created at: 2010-10-15I’ve been blogging about the UEFA Champions League since August, when HaPoel Tel Aviv battled through the qualifying rounds to make it to the group stage of the competition.  While HaPoel has stumbled out of the block, losing 2:0 to Benefica and 3:1 to Lyon, Tottenham Hotspur is tied for the lead in Group A, having won once and tied once in its first two matches.

Tottenham travels to the San Siro, the hallowed ground of Italian football, next week to face off against powerhouse Inter Milan.  Inter is a star-studded team, featuring, among others, Brazilian keeper Julio Cesar, Dutch midfielder Wesley Sneijder (whose masterful play at the World Cup was electrifying), and Samuel Eto’o from Cameroon.  Tottenham will bring to the San Siro its own bevy of elite footballers, including rising Dutch star Rafael van der Vaart, and the English giant, 6’7Peter Crouch, but Inter will enter the match as a heavy favorite.

Why is this of interest to Jewish football fans?  Tottenham, you may recall, is the North London club whose supporters are fervent philo-Semites and have embraced the imagery and symbols of the State of Israel as a part of their team identity.   At White Hart Lane, the Spurs’ home stadium, fans chant “Yid army” again and again to the beat of drums, and unfurl huge Israeli flags during pre-game celebrations.  Some of this has to do the concentration of Jews in North London, others attribute it to the prior ownership of Spurs by a Jewish businessman, Alan Sugar, in the 1990s.  Another convincing reason is that the Spurs’ are a team that have always been second fiddle to the elite teams (Manchester United, Arsenal, Liverpool, Chelsea), so the fans identify with the historical experience of the Jewish people as being underdogs.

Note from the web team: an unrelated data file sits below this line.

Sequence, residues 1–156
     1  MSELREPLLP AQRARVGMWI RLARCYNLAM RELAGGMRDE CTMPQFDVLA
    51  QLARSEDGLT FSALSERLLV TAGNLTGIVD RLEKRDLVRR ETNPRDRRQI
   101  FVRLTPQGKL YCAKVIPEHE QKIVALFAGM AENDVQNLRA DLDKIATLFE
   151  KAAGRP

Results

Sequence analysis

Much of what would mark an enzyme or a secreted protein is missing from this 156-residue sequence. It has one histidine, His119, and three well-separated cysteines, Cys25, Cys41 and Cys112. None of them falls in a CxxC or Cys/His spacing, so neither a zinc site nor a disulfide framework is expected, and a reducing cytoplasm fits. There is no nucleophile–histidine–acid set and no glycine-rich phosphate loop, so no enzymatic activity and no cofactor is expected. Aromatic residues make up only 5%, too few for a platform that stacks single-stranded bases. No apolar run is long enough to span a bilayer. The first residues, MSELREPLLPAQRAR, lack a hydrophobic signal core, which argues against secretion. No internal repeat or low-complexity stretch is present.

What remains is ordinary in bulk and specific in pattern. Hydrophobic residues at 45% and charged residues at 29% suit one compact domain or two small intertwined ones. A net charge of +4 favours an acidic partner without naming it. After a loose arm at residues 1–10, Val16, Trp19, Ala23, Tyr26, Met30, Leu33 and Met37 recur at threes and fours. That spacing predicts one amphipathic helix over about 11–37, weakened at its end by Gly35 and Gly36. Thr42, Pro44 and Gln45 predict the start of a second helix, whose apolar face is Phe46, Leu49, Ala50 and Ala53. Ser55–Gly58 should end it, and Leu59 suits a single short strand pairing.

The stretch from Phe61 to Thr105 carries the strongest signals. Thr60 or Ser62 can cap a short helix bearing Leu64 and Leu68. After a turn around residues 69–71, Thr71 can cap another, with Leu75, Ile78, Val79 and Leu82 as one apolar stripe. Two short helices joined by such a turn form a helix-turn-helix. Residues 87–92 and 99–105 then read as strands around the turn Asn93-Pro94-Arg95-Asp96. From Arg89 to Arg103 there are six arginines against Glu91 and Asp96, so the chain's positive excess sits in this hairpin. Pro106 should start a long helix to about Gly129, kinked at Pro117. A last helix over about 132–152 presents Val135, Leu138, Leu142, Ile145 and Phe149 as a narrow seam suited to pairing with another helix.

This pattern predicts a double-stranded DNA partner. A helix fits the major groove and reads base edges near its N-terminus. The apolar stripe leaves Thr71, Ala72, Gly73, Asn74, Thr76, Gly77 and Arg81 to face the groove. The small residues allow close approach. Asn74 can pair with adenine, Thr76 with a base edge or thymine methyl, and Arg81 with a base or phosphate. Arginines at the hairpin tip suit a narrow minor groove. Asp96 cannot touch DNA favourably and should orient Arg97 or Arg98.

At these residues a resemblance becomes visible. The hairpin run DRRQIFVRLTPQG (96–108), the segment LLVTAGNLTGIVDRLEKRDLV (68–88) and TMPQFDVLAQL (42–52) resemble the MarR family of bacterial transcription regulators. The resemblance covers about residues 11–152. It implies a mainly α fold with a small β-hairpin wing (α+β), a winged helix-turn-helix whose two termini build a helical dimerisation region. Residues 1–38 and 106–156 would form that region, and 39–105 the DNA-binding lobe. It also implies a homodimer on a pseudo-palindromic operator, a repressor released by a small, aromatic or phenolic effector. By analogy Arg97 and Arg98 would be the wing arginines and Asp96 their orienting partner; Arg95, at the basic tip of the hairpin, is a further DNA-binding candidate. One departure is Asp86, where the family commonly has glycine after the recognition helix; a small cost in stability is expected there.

Whatever the reason, it’s a phenomenon that has interesting, and, at times, frightening consequences.  Recent years have seen Chelsea’s fans making Auschwitz jokes and hissing noises to mock Spurs’ Jewish association, and others questioning whether the Jewish associations have a place at all in the world of football.

Wherever that conversation may lead, Tottenham’s Jewish identity is front and center again in the lead-up to next week’s showdown in Milan.  Thousands of Tottenham fans will travel to the San Siro for the match, but they’d better leave their Israeli flags back in North London.  According to the team’s website, “Flags and banners with appropriate wording would be welcome at the stadium, but the (Italian) police authorities have advised that those flags showing the Star of David will not be allowed access and may be confiscated.  Please respect this request.”

I guess that means that flags like these, or these, or these are OK?  But not this one?  What a pathetic double standard.

Go Spurs.

(Thanks to my man in Italy, Sean Sedacca, for the heads-up on this piece of news)